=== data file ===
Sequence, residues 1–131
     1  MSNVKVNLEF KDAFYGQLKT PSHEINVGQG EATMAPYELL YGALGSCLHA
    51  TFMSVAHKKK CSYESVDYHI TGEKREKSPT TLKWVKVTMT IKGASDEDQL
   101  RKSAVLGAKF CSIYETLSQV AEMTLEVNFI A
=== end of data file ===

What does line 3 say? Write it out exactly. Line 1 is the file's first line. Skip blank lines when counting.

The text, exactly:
    51  TFMSVAHKKK CSYESVDYHI TGEKREKSPT TLKWVKVTMT IKGASDEDQL